Welcome to evolvingblue, the work of Edmonton based designer Taylor Reese.
My experience in print shows great variety, because print is such a varied space. Water bottles, magazine graphics and a t-shirt. All of these pieces communicate, but in very different places and in very different ways.
Invert 720 is an Edmonton based event production company focused on providing the best results every time. Their promotional materials offered a unique opportunity to communicate this, and what better promo than a crisp bottle of chilled water during set, strike, or the main event.
I took these bottles from sketched concepts to final artwork in Adobe Illustrator.
Care was taken to create a pattern that supported the brand. The invert text actually inverts upon itself. The crest is set off nicely on the metallic foil label, which made Invert 720's customary brown and orange colourway glow.
The Geometric Construction Unit (GCU) is a very complex machine that simplifies building construction almost to the same extent that humanity envisioned it might be in the early days of science fiction. It is difficult for people to accept the idea of a machine that, with the help of a five person crew, can erect a building in the span of a day. Not only is an incredible amount of time saved, but costs are also lower.
This graphic breaks the process down to key moments, and associates a time of day with them.
I developed this concept on paper, working with input from the staff of Techlife Magazine.
After I nailed down the page layout, I created all of the graphics in Adobe Illustrator. All of the text was set by magazine staff.
The Duncan McNiel Centre (DMC) Information Graphic shows the path an inventor might follow if involved with NAIT’s Duncan McNeil Centre. This graphic outlines the process, the types of assistance these entrepreneurs might receive and the steps leading to marketing their product. The products and ideas shown are actually in development currently at the DMC.
Visually, attention was paid to the clarity of each two dimensional object and its relationship with positive and negative space, as well as what stage of the process each product is in.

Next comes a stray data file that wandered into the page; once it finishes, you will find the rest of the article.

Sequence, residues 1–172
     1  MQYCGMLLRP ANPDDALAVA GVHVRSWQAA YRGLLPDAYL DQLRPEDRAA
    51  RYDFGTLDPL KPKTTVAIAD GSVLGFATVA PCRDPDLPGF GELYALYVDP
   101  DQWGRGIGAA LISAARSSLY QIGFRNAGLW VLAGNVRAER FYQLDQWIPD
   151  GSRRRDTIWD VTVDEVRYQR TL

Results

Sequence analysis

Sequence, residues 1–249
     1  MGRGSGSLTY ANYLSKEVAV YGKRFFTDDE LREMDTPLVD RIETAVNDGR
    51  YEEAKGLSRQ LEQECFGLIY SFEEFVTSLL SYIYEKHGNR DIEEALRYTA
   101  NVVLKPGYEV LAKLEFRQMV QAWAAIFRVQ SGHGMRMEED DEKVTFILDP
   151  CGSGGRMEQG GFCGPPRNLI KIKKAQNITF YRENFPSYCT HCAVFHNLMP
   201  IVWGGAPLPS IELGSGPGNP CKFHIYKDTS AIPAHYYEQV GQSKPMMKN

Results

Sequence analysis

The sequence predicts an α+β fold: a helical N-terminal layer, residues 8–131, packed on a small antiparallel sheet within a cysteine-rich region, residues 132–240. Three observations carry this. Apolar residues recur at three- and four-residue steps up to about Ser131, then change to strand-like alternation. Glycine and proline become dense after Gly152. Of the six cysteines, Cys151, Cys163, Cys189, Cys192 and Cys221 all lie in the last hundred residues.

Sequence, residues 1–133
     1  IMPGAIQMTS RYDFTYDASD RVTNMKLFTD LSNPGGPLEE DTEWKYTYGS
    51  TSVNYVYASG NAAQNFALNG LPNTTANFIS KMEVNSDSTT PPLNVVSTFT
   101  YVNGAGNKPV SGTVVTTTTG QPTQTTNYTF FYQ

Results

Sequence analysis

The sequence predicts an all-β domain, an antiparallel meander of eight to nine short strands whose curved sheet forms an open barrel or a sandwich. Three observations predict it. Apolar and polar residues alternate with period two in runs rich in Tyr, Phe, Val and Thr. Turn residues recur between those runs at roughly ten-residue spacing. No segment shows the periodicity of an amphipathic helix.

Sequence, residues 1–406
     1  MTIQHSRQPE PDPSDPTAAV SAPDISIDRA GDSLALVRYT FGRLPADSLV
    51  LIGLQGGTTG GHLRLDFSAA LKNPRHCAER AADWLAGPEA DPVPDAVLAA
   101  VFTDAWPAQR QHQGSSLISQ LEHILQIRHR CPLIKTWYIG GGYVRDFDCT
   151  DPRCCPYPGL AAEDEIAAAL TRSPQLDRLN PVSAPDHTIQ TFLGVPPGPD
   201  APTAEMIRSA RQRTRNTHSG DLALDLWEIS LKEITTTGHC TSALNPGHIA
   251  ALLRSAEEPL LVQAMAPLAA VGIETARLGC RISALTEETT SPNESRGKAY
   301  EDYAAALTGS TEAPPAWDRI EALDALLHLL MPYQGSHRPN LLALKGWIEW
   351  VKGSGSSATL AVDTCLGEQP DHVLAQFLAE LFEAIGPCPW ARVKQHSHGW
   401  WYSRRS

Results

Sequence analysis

This project got its start on paper as does most of my work, but it didn't spend much time in the sketchpad. Once I had the direction firmed up in my mind, I forged ahead and mapped out the path and drew up the graphics in Adobe Illustrator. A last minute colour change was decided on by magazine staff, who also laid out all of the text in this piece.
The Cancer Shirt was an emotional pro bono piece I did with Deadwear, an Edmonton brand I helped get off the ground a few years ago. Deadwear's mission is to push people to consider how they live their daily lives and encourage them to make positive personal change. I had just lost two Grandparents to Cancer when I found out that my best friend's father had been diagnosed. During his father's last months, while watching the pain he was enduring I brought together visual elements from his father's life into a design that shows not only a personal side to this ugly disease, but also communicated that life is always continuing to develop below the surface.
I concepted this piece on paper, but many of the elements came together after I had taken the project digital. A lot of the grunge and some of the shapes involved aren't even present in my sketches.
I used both Adobe Illustrator and Adobe Photoshop, but the final files were completed in Adobe Photoshop.
While I continue to value the mission Deadwear initially set out with, I was also looking for ways that Deadwear itself could be the change it worked to inspire in people. It was my personal request at the time this design started rolling off the presses that proceeds of the sale of this shirt go towards Cancer research and causes.